10. Lobbying machines solidify support for police and war industry funding. Law enforcement lobbies have long built support for police and prisons among state and federal politicians, using a fear of crime and a desire for the profits and jobs that are funneled to its backers. Among the strongest backers are police and prison guard unions, which instead of using the labor movement to defend the powerless against the powerful, defend their members against community complaints of brutality. The military-industrial complex similarly uses its lobbying muscle to keep politicians compliant with its wishes. Every year billions of dollars are funneled from U.S. taxpayers to hundreds of arms corporations, who then wage lobbying campaigns pushing for even more foreign military aid and weapons sales. They spend $125 million a year on lobbying, and another $25 million a year on donating to political campaigns. Manufacturing weapons has provided millions of workers with some of the nation's highest industrial wages, and many of their unions (such as the Machinists) are part of the Pentagon lobby. These lobbies for military contractors have become more powerful and influential not only over the budget but also over the creation of U.S. foreign policy. The power of the military-industrial complex has become far more dangerous than even President Eisenhower himself feared when he warned the nation, in 1961, against its undue influence.

Both "defunding the police" and "defunding war," while opposed by most elected Republicans and mainstream Democrats, are gaining public support. Mainstream politicians have long been afraid of being painted as "soft on crime" or as "soft on defense." This self-perpetuating ideology reproduces the idea that the U.S. needs more police on the streets and more troops policing the world, or else chaos will reign. The mainstream media has kept politicians afraid to offer any kind of alternate, less militaristic vision. But the recent uprisings have turned "Defund the Police" from a fringe chant to a national conversation, and some cities are already reallocating millions of dollars from the police to community programs. 

Likewise, until recently, calling for cuts to U.S. military expenditure was a great taboo in Washington. Year after year, all but a few Democrats lined up with Republicans to vote for massive increases in military spending. But that is now beginning to change. Rep. Barbara Lee, D-Calif., introduced a historic, aspirational resolution proposing a massive $350 billion in cuts, which is more than 40 percent of the Pentagon budget. And Sen. Bernie Sanders, along with other progressives, introduced an amendment to the National Defense Authorization Act to cut the Pentagon budget by 10 percent.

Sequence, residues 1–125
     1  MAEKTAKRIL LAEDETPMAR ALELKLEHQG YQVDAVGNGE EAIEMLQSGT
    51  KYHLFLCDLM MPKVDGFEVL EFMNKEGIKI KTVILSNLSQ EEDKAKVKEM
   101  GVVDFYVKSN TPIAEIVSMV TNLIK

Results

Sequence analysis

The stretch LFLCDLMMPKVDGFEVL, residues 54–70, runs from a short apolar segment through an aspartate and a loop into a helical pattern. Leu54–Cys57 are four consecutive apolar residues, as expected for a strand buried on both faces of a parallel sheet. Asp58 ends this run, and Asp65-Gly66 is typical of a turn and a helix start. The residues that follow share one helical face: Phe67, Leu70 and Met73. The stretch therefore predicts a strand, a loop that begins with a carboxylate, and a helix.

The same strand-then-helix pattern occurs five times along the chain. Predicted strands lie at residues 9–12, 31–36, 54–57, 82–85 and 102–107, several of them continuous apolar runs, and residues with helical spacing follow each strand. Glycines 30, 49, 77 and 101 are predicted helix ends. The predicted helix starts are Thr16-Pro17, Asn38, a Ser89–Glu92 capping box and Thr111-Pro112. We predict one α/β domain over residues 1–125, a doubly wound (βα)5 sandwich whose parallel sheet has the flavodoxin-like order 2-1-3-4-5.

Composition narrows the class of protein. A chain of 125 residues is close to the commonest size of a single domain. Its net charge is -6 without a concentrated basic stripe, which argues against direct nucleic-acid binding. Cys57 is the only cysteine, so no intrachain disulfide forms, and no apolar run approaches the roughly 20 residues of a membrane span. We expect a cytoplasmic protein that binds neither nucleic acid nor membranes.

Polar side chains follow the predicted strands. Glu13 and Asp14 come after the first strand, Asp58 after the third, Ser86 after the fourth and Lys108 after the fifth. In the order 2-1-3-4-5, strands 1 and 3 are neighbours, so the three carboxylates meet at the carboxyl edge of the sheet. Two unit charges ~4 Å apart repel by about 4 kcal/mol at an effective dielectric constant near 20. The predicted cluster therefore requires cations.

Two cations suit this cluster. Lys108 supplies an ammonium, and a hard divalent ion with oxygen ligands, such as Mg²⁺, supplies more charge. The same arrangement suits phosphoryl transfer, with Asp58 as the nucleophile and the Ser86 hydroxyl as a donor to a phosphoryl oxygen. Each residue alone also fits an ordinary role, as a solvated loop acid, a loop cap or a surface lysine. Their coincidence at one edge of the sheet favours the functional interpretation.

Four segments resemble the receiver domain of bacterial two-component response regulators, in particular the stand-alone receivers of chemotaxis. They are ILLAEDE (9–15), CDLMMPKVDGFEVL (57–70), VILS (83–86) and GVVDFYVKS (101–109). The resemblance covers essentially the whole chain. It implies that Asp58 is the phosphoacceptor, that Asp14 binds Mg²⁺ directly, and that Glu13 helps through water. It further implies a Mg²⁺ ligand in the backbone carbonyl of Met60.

Just as we want to radically redefine the role of police in our local communities, so we must radically redefine the role of military personnel in the global community. As we chant "Black Lives Matter," we should also remember the lives of people dying every day from U.S. bombs in Yemen and Afghanistan, U.S. sanctions in Venezuela and Iran, and U.S. weapons in Palestine and the Philippines. The killing of Black Americans rightly elicits masses of protesters, which can help open a window of awareness about the hundreds of thousands of non-American lives taken in U.S. military campaigns. As the platform of the Movement for Black Lives platform says: "Our movement must be tied to liberation movements around the world." 

Those who are now questioning an increasingly militarized approach to law enforcement should also question a militarized approach to foreign relations. Much as unaccountable police in riot gear are a danger to our communities, so too an unaccountable military, armed to the teeth and functioning largely in secret, is a danger to the world. During his iconic anti-imperialist speech, "Beyond Vietnam," Dr. King famously said: "I could never again raise my voice against the violence of the oppressed in the ghettos without having first spoken clearly to the greatest purveyor of violence in the world today: my own government." 

The protests to "Defund the Police" have compelled Americans to see beyond police reform to a radical reconceiving of public safety. So too we need a radical reconceiving of our national security in the slogan "Defund War." If we find indiscriminate state violence in our streets appalling, we should feel similarly about state violence abroad, and call for divesting from both police and the Pentagon, and reinvesting those taxpayer dollars to rebuild communities at home and abroad. 

By Medea Benjamin

Medea Benjamin is co-founder of CODEPINK for Peace and author of several books, including "Inside Iran: The Real History and Politics of the Islamic Republic of Iran." She and Nicolas J.S. Davies are the authors of "War in Ukraine: Making Sense of a Senseless Conflict."

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By Zoltán Grossman

Zoltán Grossman is a professor of Geography and Native Studies at The Evergreen State College in Olympia, Washington. He is author of "Unlikely Alliances: Native Nations and White Communities Join to Defend Rural Lands," and co-editor of "Asserting Native Resilience: Pacific Rim Indigenous Nations Face the Climate Crisis."